More importantly, he founded the “Gridiron Greats” assistance fund which provides retired players with financial assistance, coordination of social services and other help due to disability or other problems.
THE SELECTION PROCESS:
Currently, there are 46 members of the media who vote on who gets into the Hall of Fame. Of that group, nine are on the Seniors Committee, which nominates two players who have been retired 25 years or more to be placed on the ballot. Kramer was a senior nominee in 1997 but didn’t receive enough votes to win, marking the 10th time he’s been a finalist.
It has been suggested by some people “in the know” that maybe the process should be tweaked to have some people besides sportswriters on the selection team. The idea has been brought up to have people who have actually played the game, coached, or been involved on the personnel side or very directly in some other capacity, as a part of the selection process.
As one NFL team insider put it: “I think it’s really difficult, particularly for a lot of sportswriters to understand the significance of how good a lineman was, particularly an offensive lineman. They tend to go on stats. They have presenters and it depends on how good they do but the reality is—and I talked to a lot of them over the years when they ask about players—I just think more of a football presence is needed. People who have actually played it, personnel people from different eras; you really need to consult those people. They can unearth some things that maybe have a better understanding of the game (as) to who really were great players.”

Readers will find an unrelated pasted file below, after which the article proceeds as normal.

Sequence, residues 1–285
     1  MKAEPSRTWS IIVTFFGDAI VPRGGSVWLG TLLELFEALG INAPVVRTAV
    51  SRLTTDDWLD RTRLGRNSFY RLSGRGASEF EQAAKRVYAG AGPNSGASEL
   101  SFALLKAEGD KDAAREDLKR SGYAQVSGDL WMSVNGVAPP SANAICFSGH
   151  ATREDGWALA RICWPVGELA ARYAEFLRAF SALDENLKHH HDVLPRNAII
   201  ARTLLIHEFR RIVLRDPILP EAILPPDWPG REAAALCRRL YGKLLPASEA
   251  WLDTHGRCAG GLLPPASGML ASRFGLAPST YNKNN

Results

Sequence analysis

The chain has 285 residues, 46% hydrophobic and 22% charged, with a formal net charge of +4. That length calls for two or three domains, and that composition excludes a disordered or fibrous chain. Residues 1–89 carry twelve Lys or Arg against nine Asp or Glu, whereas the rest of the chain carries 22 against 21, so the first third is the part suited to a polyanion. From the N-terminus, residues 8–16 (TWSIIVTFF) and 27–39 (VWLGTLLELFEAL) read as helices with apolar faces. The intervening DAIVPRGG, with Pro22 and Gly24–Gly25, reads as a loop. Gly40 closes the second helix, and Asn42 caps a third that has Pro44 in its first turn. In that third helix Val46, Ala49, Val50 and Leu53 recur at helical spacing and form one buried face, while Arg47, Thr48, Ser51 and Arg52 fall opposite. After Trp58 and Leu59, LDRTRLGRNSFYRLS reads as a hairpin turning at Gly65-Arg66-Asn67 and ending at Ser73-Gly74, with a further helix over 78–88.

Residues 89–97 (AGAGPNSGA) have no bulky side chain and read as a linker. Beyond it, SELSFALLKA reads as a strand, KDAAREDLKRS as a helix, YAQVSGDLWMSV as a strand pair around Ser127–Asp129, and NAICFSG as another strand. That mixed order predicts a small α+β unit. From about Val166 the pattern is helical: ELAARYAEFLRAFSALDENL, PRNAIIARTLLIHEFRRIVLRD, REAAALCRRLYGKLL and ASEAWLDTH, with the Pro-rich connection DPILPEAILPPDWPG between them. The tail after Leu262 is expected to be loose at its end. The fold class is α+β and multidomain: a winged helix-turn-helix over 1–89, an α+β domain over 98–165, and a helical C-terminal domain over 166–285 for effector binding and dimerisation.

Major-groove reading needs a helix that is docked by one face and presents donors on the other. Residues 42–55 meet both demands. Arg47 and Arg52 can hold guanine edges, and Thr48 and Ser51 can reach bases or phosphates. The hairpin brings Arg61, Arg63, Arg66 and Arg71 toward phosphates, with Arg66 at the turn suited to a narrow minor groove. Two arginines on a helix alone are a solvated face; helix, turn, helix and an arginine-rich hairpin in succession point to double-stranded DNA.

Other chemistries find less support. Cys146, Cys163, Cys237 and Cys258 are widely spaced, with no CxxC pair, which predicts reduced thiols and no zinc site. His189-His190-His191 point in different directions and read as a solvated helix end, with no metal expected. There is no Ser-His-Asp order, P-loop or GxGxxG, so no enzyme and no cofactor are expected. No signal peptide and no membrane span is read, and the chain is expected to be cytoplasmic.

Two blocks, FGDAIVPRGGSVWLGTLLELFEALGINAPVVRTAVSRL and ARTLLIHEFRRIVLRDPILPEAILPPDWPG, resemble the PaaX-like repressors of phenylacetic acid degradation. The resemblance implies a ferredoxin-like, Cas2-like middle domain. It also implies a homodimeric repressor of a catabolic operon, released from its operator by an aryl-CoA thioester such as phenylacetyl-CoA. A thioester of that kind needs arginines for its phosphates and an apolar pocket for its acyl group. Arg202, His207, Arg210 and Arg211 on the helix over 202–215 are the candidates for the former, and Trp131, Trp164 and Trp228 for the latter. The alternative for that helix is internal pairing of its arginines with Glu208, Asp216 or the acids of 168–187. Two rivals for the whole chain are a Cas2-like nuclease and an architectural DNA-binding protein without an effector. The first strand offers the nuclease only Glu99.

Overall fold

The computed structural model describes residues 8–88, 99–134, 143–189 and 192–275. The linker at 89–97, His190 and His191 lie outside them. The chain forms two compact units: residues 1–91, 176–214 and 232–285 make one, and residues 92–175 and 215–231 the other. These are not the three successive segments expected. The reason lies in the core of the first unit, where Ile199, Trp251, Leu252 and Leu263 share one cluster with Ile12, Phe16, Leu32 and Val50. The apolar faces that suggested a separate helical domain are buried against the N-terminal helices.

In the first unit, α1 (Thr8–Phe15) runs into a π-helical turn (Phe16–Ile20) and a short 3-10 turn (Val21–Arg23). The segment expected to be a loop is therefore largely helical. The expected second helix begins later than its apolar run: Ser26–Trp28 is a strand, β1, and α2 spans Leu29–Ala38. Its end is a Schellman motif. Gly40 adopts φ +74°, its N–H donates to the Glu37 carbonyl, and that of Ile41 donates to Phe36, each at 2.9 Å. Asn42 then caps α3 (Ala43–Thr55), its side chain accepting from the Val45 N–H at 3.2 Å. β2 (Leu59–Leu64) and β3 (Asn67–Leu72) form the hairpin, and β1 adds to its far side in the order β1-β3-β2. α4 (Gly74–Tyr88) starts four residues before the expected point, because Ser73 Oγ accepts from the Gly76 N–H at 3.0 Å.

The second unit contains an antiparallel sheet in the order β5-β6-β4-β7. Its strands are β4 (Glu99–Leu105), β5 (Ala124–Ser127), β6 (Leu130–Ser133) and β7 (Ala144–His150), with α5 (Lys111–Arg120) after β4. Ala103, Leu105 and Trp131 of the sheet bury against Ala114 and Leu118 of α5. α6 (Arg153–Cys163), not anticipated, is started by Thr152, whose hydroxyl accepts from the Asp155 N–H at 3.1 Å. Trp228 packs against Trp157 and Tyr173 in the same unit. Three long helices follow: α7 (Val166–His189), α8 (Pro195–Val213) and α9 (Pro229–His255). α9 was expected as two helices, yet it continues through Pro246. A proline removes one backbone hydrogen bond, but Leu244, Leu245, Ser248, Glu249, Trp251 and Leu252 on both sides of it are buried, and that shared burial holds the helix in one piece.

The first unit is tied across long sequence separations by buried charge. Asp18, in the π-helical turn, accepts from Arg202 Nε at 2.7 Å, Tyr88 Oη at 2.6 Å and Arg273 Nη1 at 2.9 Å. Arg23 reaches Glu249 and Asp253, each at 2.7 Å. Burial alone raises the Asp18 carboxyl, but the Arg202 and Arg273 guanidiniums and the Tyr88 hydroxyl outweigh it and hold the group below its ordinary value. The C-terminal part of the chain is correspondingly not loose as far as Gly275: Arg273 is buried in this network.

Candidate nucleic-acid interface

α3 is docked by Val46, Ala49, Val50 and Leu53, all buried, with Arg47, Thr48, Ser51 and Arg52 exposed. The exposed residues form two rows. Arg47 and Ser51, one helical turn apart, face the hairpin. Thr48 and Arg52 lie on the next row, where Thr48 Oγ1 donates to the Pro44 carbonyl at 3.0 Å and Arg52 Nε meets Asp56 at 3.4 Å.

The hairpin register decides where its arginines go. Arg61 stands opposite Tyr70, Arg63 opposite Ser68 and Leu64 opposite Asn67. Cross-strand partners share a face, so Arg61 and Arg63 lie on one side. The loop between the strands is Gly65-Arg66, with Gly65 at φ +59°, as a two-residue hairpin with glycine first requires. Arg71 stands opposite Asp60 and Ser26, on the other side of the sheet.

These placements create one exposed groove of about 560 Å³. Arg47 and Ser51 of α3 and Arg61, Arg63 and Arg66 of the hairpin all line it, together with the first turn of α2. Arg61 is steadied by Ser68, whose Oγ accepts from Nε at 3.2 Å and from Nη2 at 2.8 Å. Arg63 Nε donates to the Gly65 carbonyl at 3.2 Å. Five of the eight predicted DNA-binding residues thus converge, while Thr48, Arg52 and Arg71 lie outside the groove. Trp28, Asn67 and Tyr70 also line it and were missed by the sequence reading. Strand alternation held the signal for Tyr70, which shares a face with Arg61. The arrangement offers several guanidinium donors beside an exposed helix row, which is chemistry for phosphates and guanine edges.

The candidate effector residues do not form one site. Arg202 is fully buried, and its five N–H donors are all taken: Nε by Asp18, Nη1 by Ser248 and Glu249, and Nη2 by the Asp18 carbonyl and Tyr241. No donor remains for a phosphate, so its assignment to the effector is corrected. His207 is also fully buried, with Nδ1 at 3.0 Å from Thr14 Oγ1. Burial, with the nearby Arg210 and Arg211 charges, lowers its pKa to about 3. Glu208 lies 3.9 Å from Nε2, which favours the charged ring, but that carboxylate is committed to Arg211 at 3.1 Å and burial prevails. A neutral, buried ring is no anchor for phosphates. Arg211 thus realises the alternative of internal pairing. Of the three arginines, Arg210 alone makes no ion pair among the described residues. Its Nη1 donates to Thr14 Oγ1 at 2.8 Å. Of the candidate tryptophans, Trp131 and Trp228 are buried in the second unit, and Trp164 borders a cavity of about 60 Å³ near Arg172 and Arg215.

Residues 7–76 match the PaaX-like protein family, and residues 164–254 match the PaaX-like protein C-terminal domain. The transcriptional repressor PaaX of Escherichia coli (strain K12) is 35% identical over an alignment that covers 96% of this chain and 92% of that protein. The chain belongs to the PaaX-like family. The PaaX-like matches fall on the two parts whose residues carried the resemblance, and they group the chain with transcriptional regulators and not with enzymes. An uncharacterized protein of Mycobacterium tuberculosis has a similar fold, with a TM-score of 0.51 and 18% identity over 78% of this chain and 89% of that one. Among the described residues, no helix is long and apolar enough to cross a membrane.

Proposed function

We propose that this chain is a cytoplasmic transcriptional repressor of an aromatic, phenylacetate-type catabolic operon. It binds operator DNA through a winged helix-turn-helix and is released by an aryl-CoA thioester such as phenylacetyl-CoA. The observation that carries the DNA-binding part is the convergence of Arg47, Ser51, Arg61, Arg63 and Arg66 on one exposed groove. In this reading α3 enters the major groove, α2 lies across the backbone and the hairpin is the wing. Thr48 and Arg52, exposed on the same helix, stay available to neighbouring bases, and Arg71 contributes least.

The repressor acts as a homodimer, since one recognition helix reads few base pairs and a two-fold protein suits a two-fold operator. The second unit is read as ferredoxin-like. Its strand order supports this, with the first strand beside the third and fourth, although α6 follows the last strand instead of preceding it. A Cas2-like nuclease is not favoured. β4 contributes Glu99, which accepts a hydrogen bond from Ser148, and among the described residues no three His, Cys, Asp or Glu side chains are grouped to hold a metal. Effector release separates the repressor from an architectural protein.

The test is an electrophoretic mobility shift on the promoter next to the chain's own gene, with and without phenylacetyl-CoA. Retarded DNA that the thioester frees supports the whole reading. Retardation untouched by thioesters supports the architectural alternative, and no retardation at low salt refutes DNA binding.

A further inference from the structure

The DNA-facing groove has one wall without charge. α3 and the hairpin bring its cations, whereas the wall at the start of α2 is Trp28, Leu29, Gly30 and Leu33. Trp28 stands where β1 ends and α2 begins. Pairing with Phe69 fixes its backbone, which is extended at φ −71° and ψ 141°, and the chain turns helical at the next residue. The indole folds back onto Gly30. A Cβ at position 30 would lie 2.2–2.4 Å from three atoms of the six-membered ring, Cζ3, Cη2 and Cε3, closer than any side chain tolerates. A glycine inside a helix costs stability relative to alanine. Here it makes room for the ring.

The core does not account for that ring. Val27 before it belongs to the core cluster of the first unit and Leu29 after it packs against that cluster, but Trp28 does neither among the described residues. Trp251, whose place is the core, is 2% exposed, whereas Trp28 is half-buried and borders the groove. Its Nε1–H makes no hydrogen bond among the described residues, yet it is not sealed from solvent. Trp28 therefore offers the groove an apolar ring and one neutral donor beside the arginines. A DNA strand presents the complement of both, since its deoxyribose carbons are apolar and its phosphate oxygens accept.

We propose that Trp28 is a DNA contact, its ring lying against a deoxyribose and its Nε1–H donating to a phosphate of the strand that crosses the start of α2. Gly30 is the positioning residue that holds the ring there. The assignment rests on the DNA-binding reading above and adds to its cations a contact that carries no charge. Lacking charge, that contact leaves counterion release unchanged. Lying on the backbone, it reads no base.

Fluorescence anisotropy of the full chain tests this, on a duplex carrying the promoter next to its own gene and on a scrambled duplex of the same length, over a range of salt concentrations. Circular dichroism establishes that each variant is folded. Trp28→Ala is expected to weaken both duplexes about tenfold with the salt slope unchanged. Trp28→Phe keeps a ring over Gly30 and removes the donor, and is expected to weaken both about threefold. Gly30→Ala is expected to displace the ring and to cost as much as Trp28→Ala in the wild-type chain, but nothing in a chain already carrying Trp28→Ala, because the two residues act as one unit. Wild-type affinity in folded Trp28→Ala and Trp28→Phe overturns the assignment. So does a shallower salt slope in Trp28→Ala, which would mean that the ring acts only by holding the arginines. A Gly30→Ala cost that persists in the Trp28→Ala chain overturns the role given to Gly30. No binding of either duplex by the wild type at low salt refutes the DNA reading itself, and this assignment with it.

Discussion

It stands to reason that if a few of the players and coaches who are already in the Hall were allowed to be part of the process, it would bring a deeper knowledge and greater understanding of whom the best and most deserving players are.
If nothing else, it would certainly seem to be an idea worth considering.
THE SIGNIFICANCE OF THE PACKER SWEEP AS IT RELATES TO KRAMER’S CANDIDACY:
Back in the early sixties, the rushing game had more emphasis placed on it than it does today, which was especially true in the case of the Packers. Lombardi’s trademark play—“the sweep”—required two offensive linemen who were quick, agile, and powerful for the play to be successful and Jerry Kramer at right guard with Fuzzy Thurston on the left side were the guys who made it work so effectively.
The play worked when quarterback Bart Starr took the snap from center and handed it off to a running back, which was usually Jim Taylor or Paul Hornung; who became known as “Thunder” and “Lightening” respectively. The back would charge to the right or left, right behind Kramer and Thurston. The two of them would very quickly pull out from their spots at the line of scrimmage with the snap of the ball to start the play and push opposing players aside or flatten them. It wasn’t a trick play but one that worked so well that opposing coaches were unable to stop it even when they knew it was coming. Simply put, there was little they could do about it and it became the most devastating running play in the league.
The play’s success depended on Kramer and Thurston executing their moves effectively. While it was beautiful in its simplicity, it was very effective to the point of becoming one of the attributes of Lombardi’s Packers teams that opposing teams were intimated by and fearful of.